The church has chancel with S chapel , nave with S aisle and S porch, and W tower. The 12thc. church comprised nave and chancel. The chancel was rebuilt in the 13th. and the tower also dates from this time. The S porch is 15thc. In 1859 when the church was restored by George Gilbert Scott, the S aisle, N vestry and S chapel were added. The church is built of stone, now completely covered with render. Romanesque sculpture is found on the S doorway and on the rere arch of a blocked N doorway.
Ickleford is not mentioned in DS. VCH surmises that it would have been included under the manor of Pirton, which, at the time of DS is was held by Ralph de Limesl, whose family held Pirton until the end of the 12thc. The church was held as a chapel to Pirton. Both livings were held simultaneously until 1847 when the Ecclesistical Commissioners divided them.
No bases, nook shafts (possibly restored) rest on plain, square modern plinths. The capitals ate attached, with wide, flattened necking. The imposts are hollow-chamfered with a roll on the angle and a tall upright. Each order in the arch is separated by a row of nailhead.
|h. of capital including necking||0.175 m|
|h. of capital not including necking||0.145 m|
|h. of opening||2.10 m|
|w. of opening (jamb to jamb)||1.12 m|
L capital: waterleaf, with a tall pointed leaf on the angle and volutes at the inner edge of each face. A pointed, inverted heart-shaped leaf grows from the necking at the centre of each face. The carving extends onto the face and soffit of the order, forming voluted pseudo-capitals. These lack the central heart-shaped leaf.
R capital: a hybird between a cushion and multi-scallop capital, each face has three cones, each with shallow shields, with a shared cone (with two small shields) on the angle. Above these features on each face is a single larger shield, which occupies the width of each face. Carving extends onto the face and soffit, comprising a row of small pointed leaves, with central veins (two on the soffit and four on the face) with a projecting moulding of indeterminate shape and possibly unfinished, above.
In the arch, a row of free-standing lateral chevron on face and soffit, carved point-to-point and separated by an angle roll. At the apex, a small, downward-facing multi-lobed leaf is carved in the triangle.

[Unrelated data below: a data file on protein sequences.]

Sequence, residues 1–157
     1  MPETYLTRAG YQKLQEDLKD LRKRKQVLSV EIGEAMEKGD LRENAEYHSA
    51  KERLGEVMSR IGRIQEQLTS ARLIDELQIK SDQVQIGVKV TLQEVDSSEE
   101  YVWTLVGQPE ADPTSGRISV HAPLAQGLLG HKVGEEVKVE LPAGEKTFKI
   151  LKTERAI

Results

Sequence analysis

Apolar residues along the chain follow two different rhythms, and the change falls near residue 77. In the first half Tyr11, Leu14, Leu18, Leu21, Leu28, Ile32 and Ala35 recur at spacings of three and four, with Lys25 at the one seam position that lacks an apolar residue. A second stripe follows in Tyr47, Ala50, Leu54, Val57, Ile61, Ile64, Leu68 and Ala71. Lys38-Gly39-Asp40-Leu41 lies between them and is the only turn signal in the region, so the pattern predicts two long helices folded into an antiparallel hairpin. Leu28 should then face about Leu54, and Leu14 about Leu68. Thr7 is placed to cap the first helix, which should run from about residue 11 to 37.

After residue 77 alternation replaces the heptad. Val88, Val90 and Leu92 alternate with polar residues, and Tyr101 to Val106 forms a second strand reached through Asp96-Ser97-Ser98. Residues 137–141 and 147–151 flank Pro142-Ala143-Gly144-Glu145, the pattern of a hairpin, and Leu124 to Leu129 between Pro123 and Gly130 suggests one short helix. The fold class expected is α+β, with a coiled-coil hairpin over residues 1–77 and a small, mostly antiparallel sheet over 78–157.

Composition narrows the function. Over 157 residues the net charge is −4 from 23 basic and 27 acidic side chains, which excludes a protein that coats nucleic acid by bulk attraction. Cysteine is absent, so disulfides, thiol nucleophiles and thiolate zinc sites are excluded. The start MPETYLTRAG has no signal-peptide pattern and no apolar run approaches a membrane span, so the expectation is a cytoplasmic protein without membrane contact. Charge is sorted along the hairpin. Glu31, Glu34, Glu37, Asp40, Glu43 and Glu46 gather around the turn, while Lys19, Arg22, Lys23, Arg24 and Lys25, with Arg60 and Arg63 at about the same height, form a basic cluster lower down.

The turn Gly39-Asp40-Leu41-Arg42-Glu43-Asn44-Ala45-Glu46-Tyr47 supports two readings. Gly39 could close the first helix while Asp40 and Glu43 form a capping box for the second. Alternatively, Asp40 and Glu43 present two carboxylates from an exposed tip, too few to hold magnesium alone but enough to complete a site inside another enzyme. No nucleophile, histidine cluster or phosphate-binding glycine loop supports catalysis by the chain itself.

The interior rear arch has plain jambs. In the arch there are two rows of frontal chevron on face and soffit, carved back-to-back with an edge roll between, and of the profile roll, roll, separated and flanked by fine rolls.
R capital: waterleaf
In the arch, a row of free-standing, straddling chevron forming a series of lozenges. These are supported by an edge roll and two outer rolls. At the apex, two straddling free-standing chevrons are carved point-to point.
L capital: as second order
R capital: cushion, with a pointed wedge on angle and with each shield composed of three overlapping shields, giving the appearance of fishscale
In the arch, two rows of chevron carved point-to-point, forming free-standing lozenges which are supported by an edge roll. With the exception of the first three chevrons on L and R, each chevron has carving in the triangles. This is usually a small multi-lobed leaf but there are some variations.
Soffit of arch: 4 - leaf with vertical lobes; 5 - leaf with radiating lobes; 6 - leaf with vertical lobes.; 7 - two facing angled leaves with drilled holes between them; 8 to 10 - leaf with vertical lobes; 11 - two facing, angled leaves with drilled holes between them; 12 to 14 - leaf with vertical lobes; 15 - pointed leaf with a small pointed leaf above.
Face of arch: 4 - leaf with vertical lobes.; 5 - small multi-lobed leaf; 6 to 11 - leaf with vertical lobes; 12 - berry/fruit suspended between two pairs of leaves; 13 to 14 - leaf with vertical lobes.; 15 - leaf with radiating lobes; 16 - leaf with radiating lobes (indistinct)